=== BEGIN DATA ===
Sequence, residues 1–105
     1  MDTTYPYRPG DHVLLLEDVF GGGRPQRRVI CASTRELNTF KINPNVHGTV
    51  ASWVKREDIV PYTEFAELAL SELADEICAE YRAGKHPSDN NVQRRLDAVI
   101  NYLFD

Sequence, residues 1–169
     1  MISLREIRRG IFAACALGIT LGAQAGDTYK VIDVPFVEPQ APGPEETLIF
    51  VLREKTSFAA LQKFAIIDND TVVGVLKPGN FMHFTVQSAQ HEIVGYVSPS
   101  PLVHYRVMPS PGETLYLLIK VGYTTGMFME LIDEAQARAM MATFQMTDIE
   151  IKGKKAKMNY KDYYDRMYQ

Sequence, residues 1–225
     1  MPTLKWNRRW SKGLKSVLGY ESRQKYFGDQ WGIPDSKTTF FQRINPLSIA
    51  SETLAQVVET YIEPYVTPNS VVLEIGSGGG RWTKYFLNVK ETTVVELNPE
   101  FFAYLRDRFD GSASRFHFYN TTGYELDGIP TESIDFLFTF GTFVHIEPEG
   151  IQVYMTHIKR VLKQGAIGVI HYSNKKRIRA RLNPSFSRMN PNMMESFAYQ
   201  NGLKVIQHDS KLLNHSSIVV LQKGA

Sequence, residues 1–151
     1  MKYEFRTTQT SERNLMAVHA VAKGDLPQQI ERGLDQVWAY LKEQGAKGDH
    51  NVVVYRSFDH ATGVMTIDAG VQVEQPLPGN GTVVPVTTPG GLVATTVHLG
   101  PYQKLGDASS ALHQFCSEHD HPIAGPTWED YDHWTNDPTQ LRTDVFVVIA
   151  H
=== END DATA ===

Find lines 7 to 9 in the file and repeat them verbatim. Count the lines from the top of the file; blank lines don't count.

    51  VLREKTSFAA LQKFAIIDND TVVGVLKPGN FMHFTVQSAQ HEIVGYVSPS
   101  PLVHYRVMPS PGETLYLLIK VGYTTGMFME LIDEAQARAM MATFQMTDIE
   151  IKGKKAKMNY KDYYDRMYQ